We mean it when we say that ASIST is for everyone. Virtually anyone aged 16 and older can learn the skills to intervene and save a life from suicide. Professionals as well as members of the community at large have all found great value in ASIST over the years.

Many professionals attend ASIST because suicide intervention skills are essential for their work. In many organisations, ASIST is a mandatory component of training. Nurses, physicians, mental health professionals, pharmacists, teachers, counsellors, youth workers, police, first responders, correctional staff, school support staff, clergy, and volunteers have all found that ASIST complements their existing training and knowledge.

Other people attend simply because they want to be able to help someone in need, in much the same way they might learn CPR. Because the training is comprehensive and doesn’t rely on prior qualifications, they can have the same meaningful experience as a professional caregiver.

Why is ASIST important?

Developed in 1983 and regularly updated to reflect improvements in knowledge and practice, ASIST is the world’s leading suicide intervention workshop. During the two-day interactive session, participants learn to intervene and help prevent the immediate risk of suicide. Over 1,000,000 people have taken the workshop, and studies have proven that the ASIST method helps reduce suicidal feelings for those at risk.

Workshop features:

  • Presentations and guidance from two LivingWorks registered trainers
  • A scientifically proven intervention model
  • Powerful audiovisual learning aids
  • Group discussions
  • Skills practice and development
  • A balance of challenge and safety

ASIST has saved and changed hundreds of thousands of lives around the world.

What are the main benefits of attending ASIST training?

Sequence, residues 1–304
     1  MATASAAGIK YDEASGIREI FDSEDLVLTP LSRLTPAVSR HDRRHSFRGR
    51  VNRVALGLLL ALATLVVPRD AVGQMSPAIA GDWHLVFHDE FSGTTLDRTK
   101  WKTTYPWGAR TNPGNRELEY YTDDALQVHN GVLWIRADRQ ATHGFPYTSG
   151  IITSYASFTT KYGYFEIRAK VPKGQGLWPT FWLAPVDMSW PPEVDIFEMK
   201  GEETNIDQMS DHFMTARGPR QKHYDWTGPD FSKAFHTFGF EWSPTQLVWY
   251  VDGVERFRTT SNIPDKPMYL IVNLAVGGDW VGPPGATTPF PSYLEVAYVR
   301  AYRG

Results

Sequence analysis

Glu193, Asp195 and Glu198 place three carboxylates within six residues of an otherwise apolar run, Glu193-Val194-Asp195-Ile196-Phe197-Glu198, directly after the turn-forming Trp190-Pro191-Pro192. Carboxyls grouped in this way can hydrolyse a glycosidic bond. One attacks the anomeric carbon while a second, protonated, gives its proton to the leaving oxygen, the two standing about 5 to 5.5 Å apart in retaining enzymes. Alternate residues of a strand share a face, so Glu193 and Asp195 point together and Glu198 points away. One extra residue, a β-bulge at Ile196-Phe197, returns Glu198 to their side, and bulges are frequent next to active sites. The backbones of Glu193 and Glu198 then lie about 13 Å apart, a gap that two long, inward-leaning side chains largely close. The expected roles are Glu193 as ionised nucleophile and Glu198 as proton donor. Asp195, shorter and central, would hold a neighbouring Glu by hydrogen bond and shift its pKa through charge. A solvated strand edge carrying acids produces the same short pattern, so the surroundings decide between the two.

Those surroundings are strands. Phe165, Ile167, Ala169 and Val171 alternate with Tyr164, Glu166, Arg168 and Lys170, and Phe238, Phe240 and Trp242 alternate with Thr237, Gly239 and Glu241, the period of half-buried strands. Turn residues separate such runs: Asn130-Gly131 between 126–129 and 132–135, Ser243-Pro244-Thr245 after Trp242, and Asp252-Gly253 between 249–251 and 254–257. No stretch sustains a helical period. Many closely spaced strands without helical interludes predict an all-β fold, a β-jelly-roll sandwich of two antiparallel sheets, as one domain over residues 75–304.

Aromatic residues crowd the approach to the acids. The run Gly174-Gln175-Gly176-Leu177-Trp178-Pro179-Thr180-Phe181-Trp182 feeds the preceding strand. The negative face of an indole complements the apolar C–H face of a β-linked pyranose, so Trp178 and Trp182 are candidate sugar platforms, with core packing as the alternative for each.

Here is what you can expect at your ASIST training:

  • ASIST is held over two consecutive days for a total of 15 hours.
  • ASIST is based on principles of adult learning. It values participants’ experiences and contributions and encourages them to share actively in the learning process.
  • ASIST workshops always have a minimum of two active ASIST trainers present for the entire two days. If there are more than 30 participants, there will be at least three trainers. Workshops over 45 participants are not recommended and should be split into two separate sessions instead.
  • Trainers show two award-winning videos in the course of the workshop. Cause of Death? provides a common starting point for the discussion of attitudes about suicide, while two versions of It Begins with You illustrate the process of a suicide intervention.
  • Some parts of ASIST take place with all participants together, and others take place in a smaller work group. This helps create a balance between safety and challenge. Participants need not disclose personal experiences to the whole group.
  • Local resources are provided and their availability in the community is discussed.
  • Participant materials include a 20-page workbook, wallet card, and stickers. Participants also receive a certificate upon completing the workshop.

What does ASIST cover?

There are 5 key stages of ASIST;

Preparing – Sets the tone, norms and expectations of the learning experience.

Connecting – Sensitizes participants to their own attitudes towards suicide. Creates an understanding of the impact that attitudes can have on the intervention process.

Understanding – Overviews the intervention needs of a person at risk. It focuses on providing participants with the knowledge and skills to recognize risk and develop safe plans to reduce the risk of suicide.

Assisting - Presents a model for effective suicide intervention. Participants develop their skills through observation and supervised simulation experiences in large and small groups.

Networking - Generates information about resources in the local community. Promotes a commitment by participants to transform local resources into helping networks.

Where can I find more information or book on the course?

For more information about our ASIST training or to book please contact Harmless and ask for Sophie Allen (Training coordinator and ASIST trainer).

To book on this course, click here

Emailtraining@harmless.org.uk or Telephone: 0115 9348445

Date(s): 26th and 27th October 2015 Times: 9am until 5pm (both days)

Training Location: Harmless, NCVS, 7 Mansfield Road, Nottingham NG1 3FB

Please note: Attendance on both days of the workshop is mandatory

Harmless Trainer Talks, Self Harm, Suicide Prevention and Mental Health Training

I have now completed my first deliveries of ASIST (Applied Suicide Intervention Skills Training) and MHFA (Mental Health First Aid) and wanted to share how these went.